To combat “duck syndrome,” learn to recognize the hidden signs of anxiety. The authors say young people say they try to look like they’re just gliding along calmly on the lake, but underneath they’re paddling frantically to stay afloat. This means leaders need to get skilled at looking for clues that employees are struggling: Happy people are suddenly sad, vocal people are suddenly quiet, or people who rarely miss deadlines suddenly start missing them.  

Normalize, destigmatize, empathize. Mr. Elton and Mr. Gostick say it’s critical to do these three things. Let people know anxiety is a normal human emotion and it’s okay to feel it (normalize and destigmatize). And when we empathize, we let people know we’ve been there too. Brené Brown says empathy is a “vulnerable choice.” She says it’s looking down at a person who is trapped in a deep hole and saying, “I know what it’s like down there, and you’re not alone.”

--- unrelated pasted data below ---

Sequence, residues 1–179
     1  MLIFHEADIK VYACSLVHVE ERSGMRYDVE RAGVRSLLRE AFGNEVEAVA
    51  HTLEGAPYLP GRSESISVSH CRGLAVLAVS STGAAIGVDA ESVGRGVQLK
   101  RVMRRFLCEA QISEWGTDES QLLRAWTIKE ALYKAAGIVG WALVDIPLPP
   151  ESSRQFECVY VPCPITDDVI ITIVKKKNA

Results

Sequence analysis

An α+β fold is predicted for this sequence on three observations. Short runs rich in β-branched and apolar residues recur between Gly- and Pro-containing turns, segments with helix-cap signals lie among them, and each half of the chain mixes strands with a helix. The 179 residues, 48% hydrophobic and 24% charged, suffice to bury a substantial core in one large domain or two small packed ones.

Hit the unknowns head-on. Few things cause more anxiety than unknowns. The authors note that 60 percent of American workers are concerned about their job security right now. It’s so important to help people deal with uncertainty. Answer questions like “Where are we headed as an organization? How am I doing? Am I living up to my goals? Do I have a future here?”

When you’re flying in formation and hit a rough patch, loosen your grip. Our impulse as leaders is to tighten up when we hit turbulence. But female fighter pilot Nicole Malachowski says it’s the worst thing you can do. It puts everyone in jeopardy. While it may seem counterintuitive, she says it’s actually better to loosen your grip, take an assessment, and ask people how it’s going and what they need to get through the rough patch. Then gain control.

Help people chart their path forward. Some organizations hold aspirational or development conversations with employees once a month. They provide honest feedback aimed at helping people grow and develop. It’s not just about the employee; they balance the discussion between how people can further their own career but also help the organization. This is a very powerful strategy: Mr. Elton and Mr. Gostick have worked with hospitals that have cut their turnover in half just by having these meetings once a month.